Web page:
upon the heights of river, and occupied the commencement of the valley of Guarena, we saw that a por- an immense piece of ground, which contition of the English army was formed upon nues without any undulation to nearly Sathe left bank of that river. In that place lamanca. The enemy endeavoured to octhe heights of that valley are very rugged, cupy the same ground, but could not sucand the valley a middling breadth. Whe- ceed :, then he attempted to follow a pather it was necessary for the troops to ap- rallel rising ground, connected with the proach the water on account of the exces position they had just quitted, and which sive heat, or whether it was froin some every where offered them a position, proother cause of which I am ignorant, the vided I should have marched towards English General had placed the greater them. The two armies thus marched papart of them in the bortom of the valley, rallel with all possible celerity, always within half cannon shot of the heights of keeping their masses connected, in order which we were masters; I therefore, upon to be every moment prepared for battle. arriving, immediately ordered a battery of The enemy thinking to be beforehand with 40 pieces of artillery to be placed, which us at the village of Cantalpeno, directed a in a moment forced the enemy to retire, column upon that village, in the hope of after having left a great number of killed being before us upon the rising ground and wounded upon the place. The army which commands it, and towards which marched in two columns, and I had given we marched; but their expectations were the command of the right column, distant deceived. The light cavalry, which I from that of the left three quarters of a sent thither, and the sih division, which league, 10 General Claussel, Arrived was at the head of the column, marched upon this ground, General Claussel, hav- so rapidly that the enemy were obliged to ing few people before him, he thought he abandon it. Besides the road from the was able to seize upon the two rising other plain approaching too close to ours, grounds upon the left bank of the Guarena, and that which we had having the advanand preserve them; but this attack wastage of commanding it, with some pieces of made with few troops; his troops had not cannon, judiciously placed, greatly annoyhalted, and scarcely formed; the enemy ed the enemy, for a great part of the army
perceived it, marched upon the troops, was obliged to defile under this cannon, which he had thus thrown in advance, and and the remainder was obliged to repass forced them to retreat. In this battle, the mountain to avoid it. At last I put the which was of short duration, we expe- dragoons in the enemy's track. - The rienced some loss. The division of dra- enormous number of stragglers which were goons which supported the infantry, vigo left behind would have given us an oprously charged all the English cavalry; portunity of making 3,000 prisoners, had but General Carree, a little too far ad- there been a greater proportion between vanced from the 13th regiment, fell into our cavalry and theirs, but the latter the enemy's power. The army re- disposed so as to arrest our pursuit, to mained in its position all the night of the press the march of the infantry by blows 19th; it even remained in it all the day of from the flat sides of their sabres, and to the 20th. The extreme heat, and the fa- convey those who could no longer march, tigue experienced on the 18th, rendered prevented us. Nevertheless, there fell this necessary to assemble the stragglers. into our hand between 3 and 400 men and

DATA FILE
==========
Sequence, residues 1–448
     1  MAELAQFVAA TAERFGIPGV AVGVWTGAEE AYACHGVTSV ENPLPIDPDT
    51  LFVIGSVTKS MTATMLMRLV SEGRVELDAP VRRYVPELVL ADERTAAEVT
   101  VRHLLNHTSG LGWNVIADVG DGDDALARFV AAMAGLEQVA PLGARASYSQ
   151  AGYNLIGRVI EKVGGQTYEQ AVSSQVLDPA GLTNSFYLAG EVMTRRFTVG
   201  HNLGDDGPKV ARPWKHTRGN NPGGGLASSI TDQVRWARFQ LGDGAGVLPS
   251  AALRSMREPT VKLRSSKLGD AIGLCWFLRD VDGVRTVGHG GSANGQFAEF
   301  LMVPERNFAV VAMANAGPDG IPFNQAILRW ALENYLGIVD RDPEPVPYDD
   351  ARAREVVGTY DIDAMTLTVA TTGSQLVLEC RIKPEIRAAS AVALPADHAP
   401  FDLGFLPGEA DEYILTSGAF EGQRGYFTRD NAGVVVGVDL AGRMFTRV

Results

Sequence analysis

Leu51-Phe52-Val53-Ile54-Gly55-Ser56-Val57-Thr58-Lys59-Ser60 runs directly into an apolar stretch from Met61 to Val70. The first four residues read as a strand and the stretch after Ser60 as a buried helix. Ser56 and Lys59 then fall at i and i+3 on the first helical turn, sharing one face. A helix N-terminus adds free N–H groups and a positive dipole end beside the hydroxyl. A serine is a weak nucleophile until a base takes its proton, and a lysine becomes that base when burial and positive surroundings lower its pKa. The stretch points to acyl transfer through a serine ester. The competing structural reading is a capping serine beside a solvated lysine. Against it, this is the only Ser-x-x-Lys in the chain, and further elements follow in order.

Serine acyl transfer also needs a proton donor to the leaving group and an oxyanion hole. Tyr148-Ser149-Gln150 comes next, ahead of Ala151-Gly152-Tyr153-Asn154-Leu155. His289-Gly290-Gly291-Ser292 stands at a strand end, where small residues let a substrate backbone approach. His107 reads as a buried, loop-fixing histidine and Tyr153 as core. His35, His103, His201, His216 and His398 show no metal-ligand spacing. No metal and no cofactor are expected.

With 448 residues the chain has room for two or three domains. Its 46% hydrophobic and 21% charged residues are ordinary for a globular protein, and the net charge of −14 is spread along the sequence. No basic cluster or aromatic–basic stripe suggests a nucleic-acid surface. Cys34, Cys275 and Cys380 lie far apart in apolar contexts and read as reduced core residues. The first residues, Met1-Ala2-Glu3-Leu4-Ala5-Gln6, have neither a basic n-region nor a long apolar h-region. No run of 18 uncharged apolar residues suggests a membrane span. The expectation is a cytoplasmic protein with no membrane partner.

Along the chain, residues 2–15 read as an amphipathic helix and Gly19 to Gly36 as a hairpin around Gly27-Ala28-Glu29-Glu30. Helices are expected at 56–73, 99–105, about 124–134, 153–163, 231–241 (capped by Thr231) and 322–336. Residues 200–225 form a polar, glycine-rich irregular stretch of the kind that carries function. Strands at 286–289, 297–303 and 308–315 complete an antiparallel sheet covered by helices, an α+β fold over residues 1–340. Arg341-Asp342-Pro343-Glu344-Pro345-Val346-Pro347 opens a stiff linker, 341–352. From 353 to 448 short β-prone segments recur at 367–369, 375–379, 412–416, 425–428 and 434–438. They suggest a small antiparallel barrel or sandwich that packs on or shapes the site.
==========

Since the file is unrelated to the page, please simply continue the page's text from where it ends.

-At four in the evening the army re some baggage. In the evening the army sumed their arms, and defiled by the left encamped upon the heights of Aldea Rubia, to proceed up the Guarena, and take a po- having its posts upon the Tormes. The sition in front of Almo. My intention enemy re-occupied the position of San was, at the same time, to threaten the Christoval. On the 21st, having been enemy, and continue to proceed up the informed that the enemy did not occupy Guarena, in order to pass it with facility, Alba de Tormes, I threw a garrison into or if the enemy marched in force upon the it. The same day I passed the river in
two columns, taking my direction by the -The enemy had his troops parallel to skirts of the woods, and establishing my me, extending his right by leaning towards camp between Alba de Tormes and Sala- the mountain of Tesares, which always ap: